The word “canon” means a measuring rod, much like a ruler. So when we use this word to explain how the books of the Bible were recognized as part of God’s Word, there was a rule and a standard that the books had to meet to be recognized as Scripture.  Note that I say “recognized” and not “decided upon.”  Semantics are very important here… the early church councils did not decide which books got in and which books didn’t.  They recognized which biblical books were already recognized affirmed within the community of faith.  Here are the standards and criteria that biblical books had to meet to be recognized as part of the Bible:

1. Authoritative.  Were they written by a prophet, king, judge or scribe of God in the OT or an apostle or based upon the eyewitness testimony to the life, death, and resurrection of Jesus Christ in the NT.

2. Consistent. Is the book consistent with truth about God presented within the context of what the rest of Scripture teaches?

3. Dynamic. Has the book demonstrated God’s dynamic life-changing power in the lives of His people?

4. Received. Has the book been universally received and accepted by the people of God as Holy Scripture?

If you’re wondering why our Protestant Bible does not include the Apocrypha (which the Catholic Bible includes), read this article:

6) Translations

Your English Bible has been directly translated from the Hebrew and Greek texts, which once again, we believe to be very accurate renderings of the original, inspired and inerrant documents.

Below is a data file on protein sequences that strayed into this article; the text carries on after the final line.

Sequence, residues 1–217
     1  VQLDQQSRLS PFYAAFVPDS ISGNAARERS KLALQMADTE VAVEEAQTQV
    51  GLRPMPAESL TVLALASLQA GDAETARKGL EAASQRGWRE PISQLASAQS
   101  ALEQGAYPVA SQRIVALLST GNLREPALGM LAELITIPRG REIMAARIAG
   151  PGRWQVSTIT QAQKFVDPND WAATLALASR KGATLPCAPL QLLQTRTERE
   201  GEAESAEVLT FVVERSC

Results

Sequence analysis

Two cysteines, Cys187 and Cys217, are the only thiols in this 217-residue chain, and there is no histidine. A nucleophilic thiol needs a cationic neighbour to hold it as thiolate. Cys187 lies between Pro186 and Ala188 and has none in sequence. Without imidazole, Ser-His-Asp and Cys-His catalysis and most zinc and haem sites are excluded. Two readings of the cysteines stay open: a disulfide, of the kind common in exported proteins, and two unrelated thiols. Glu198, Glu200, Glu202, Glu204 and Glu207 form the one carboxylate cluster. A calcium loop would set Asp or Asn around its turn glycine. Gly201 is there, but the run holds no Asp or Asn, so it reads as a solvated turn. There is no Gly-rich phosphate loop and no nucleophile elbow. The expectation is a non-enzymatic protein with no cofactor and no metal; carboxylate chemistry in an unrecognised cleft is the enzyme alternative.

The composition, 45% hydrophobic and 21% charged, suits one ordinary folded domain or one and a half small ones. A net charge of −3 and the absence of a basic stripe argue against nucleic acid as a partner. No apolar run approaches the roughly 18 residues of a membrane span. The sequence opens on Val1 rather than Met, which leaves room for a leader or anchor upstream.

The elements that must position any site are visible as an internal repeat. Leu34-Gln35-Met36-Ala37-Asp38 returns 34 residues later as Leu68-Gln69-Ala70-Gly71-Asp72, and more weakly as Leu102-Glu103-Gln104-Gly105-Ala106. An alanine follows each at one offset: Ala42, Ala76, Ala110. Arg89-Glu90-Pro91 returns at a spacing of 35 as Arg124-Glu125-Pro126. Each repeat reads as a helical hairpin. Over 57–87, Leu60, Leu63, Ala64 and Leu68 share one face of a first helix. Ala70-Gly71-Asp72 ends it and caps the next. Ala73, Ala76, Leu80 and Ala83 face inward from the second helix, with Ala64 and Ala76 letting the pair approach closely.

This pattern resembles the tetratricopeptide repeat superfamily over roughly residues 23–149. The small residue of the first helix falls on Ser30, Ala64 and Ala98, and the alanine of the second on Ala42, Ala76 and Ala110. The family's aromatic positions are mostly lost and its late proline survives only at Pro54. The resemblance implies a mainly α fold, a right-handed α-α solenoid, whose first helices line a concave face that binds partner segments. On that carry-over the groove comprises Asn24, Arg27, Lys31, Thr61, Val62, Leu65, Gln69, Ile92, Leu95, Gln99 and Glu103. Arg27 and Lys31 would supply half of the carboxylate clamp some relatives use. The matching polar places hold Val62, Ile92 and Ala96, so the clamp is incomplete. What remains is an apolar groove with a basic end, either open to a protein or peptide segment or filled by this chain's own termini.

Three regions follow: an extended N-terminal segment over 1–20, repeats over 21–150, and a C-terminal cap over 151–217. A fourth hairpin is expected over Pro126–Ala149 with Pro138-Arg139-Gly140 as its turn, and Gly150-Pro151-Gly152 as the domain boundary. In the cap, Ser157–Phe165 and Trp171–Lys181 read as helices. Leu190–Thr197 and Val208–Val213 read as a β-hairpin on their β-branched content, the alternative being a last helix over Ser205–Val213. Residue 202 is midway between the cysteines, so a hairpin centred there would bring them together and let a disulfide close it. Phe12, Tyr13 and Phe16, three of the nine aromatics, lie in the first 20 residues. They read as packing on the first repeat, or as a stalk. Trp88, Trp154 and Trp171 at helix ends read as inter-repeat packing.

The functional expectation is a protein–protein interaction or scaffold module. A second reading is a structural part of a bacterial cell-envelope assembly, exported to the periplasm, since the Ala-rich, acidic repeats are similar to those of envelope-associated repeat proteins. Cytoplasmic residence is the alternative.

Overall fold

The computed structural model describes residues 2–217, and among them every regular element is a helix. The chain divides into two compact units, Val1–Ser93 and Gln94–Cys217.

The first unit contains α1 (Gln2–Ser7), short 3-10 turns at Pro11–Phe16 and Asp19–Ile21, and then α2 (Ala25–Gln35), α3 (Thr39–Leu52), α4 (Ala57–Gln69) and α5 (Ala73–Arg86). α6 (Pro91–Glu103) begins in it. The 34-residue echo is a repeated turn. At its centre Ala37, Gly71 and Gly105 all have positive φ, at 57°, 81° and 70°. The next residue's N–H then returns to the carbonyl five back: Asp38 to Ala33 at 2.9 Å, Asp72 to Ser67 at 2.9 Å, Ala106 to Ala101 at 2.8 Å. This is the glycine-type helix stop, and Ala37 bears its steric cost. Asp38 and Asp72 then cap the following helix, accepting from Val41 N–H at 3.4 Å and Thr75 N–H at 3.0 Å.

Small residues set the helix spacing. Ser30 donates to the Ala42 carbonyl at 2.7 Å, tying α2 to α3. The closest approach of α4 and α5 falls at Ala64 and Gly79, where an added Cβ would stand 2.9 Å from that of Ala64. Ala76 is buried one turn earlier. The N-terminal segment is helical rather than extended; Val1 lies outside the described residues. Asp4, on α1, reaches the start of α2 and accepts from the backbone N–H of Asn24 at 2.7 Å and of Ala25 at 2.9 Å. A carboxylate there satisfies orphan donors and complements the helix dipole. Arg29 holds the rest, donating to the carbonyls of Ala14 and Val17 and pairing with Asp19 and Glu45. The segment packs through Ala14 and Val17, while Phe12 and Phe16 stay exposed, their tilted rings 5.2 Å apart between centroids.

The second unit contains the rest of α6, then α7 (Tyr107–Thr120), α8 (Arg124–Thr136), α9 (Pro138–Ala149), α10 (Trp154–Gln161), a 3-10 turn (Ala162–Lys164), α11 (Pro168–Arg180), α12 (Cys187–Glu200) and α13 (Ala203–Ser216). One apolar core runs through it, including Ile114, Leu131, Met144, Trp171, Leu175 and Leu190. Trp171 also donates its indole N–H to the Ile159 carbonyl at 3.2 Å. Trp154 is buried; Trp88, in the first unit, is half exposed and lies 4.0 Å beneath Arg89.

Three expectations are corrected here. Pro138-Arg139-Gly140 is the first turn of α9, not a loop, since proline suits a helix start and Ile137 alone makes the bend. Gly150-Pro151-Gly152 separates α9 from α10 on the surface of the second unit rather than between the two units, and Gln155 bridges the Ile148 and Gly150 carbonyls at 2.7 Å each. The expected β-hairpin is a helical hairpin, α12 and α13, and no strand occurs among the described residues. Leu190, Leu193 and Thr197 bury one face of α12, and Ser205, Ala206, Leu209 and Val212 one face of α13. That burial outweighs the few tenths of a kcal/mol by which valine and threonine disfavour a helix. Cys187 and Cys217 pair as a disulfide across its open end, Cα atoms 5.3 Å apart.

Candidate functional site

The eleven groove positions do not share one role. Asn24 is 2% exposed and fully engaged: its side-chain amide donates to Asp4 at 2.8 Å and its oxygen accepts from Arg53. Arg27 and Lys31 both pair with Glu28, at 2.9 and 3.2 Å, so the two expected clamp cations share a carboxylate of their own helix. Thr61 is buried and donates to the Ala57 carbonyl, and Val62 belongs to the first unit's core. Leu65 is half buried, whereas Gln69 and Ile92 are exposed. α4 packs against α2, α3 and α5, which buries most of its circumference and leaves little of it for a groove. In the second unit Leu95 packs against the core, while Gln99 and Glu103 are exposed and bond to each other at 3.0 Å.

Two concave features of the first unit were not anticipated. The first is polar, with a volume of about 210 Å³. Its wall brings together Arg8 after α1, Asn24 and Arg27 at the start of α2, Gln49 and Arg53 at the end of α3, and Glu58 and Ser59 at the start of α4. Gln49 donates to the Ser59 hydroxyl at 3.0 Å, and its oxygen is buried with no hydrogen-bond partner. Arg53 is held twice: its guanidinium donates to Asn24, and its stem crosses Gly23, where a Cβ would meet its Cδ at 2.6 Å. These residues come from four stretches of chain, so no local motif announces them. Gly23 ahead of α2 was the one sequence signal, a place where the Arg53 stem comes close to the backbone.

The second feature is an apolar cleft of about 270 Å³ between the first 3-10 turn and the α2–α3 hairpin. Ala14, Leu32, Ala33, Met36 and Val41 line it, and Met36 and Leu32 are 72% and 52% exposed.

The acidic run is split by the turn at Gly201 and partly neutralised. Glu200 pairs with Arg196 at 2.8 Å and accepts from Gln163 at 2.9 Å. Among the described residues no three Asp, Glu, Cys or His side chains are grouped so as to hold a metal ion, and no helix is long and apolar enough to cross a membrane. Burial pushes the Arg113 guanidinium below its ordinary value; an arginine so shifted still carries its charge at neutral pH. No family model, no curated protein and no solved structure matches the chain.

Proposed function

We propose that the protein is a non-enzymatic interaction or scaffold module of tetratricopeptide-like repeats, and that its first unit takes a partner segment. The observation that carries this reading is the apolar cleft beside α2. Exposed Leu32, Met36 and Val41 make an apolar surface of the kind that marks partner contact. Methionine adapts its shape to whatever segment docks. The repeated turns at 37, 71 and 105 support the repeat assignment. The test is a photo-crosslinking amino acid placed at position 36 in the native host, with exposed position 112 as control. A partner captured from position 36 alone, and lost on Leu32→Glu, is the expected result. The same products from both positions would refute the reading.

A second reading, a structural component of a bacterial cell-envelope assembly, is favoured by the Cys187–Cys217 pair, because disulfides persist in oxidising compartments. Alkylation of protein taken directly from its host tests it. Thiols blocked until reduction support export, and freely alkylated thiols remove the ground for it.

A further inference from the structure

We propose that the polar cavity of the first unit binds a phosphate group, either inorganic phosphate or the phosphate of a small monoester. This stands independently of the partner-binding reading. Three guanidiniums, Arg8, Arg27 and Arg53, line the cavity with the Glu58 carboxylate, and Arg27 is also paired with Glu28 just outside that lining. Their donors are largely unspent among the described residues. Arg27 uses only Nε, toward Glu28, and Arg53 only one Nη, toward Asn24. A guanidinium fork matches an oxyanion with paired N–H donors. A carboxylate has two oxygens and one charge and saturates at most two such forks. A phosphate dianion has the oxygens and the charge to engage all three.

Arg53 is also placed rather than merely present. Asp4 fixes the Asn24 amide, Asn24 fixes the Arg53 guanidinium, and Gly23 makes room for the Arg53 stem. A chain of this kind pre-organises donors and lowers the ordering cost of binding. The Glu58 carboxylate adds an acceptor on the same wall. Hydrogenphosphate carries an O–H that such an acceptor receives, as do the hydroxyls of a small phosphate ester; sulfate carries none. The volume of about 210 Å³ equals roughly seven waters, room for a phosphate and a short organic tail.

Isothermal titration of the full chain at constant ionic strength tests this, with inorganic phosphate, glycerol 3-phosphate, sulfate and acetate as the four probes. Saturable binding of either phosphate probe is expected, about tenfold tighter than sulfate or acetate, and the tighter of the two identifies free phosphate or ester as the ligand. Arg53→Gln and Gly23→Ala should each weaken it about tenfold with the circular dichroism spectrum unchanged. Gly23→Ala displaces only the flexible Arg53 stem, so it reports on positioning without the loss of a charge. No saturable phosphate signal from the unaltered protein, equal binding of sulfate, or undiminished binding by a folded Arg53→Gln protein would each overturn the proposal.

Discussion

Here are the different types of translations:

1. Word for word translations makes a special effort to carefully interpret each word from the original Hebrew, Aramaic, or Greek. The NASB, KJV, NKJV, ESV are word for word translations

2. Thought for thought translations attempts to convey the full nuance and idea of each passage while not paying specific attention to the word for word translation. The NIV is the best thought for thought English translation.

3. Paraphrase translations pay even less attention to specific word meanings in an attempt to capture the poetic or narrative essence of a passage.  The Living Bible and The Message are good examples of paraphrase translations.

12 Replies to “You Asked For It #1: How Can I Trust the Bible?”

  1. Thanks for diving in so deeply! I really feel that this sermon set a proper tone for the weeks ahead.

    Question: How do you feel about translations like the NRSV that do not translate non-gender specific pronouns as strictly male? I agree with your position on any translation that changes the gender of God, but feel that in many cases statements like “brothers and sisters” is more accurate.

  2. thanks steve… there are times when Paul will say “brethren” that I do believe the linguistic intent is not to segregate males from females… therefore, brethren can be translated as “brothers and sisters.” this is what the NRSV is doing… but in reality, it moves it further away from a “Word-for-word” to more of a “thought for thought” which is fine, but it gets us further away from the original Greek word.